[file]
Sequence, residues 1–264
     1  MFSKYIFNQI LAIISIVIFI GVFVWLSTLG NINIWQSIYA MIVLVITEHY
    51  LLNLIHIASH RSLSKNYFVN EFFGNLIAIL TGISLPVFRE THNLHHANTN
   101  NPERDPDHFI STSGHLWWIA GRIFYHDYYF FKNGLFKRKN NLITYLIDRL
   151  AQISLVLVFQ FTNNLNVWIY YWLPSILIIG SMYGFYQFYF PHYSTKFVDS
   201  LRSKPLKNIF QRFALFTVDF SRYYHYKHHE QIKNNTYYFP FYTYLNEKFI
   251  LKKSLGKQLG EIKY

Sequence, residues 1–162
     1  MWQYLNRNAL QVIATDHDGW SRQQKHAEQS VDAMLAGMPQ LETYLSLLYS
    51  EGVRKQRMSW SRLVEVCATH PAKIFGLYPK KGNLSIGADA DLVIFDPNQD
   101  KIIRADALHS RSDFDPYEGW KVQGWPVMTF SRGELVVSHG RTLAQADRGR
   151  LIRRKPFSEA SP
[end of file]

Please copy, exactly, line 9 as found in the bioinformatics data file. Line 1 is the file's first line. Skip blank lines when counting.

     1  MWQYLNRNAL QVIATDHDGW SRQQKHAEQS VDAMLAGMPQ LETYLSLLYS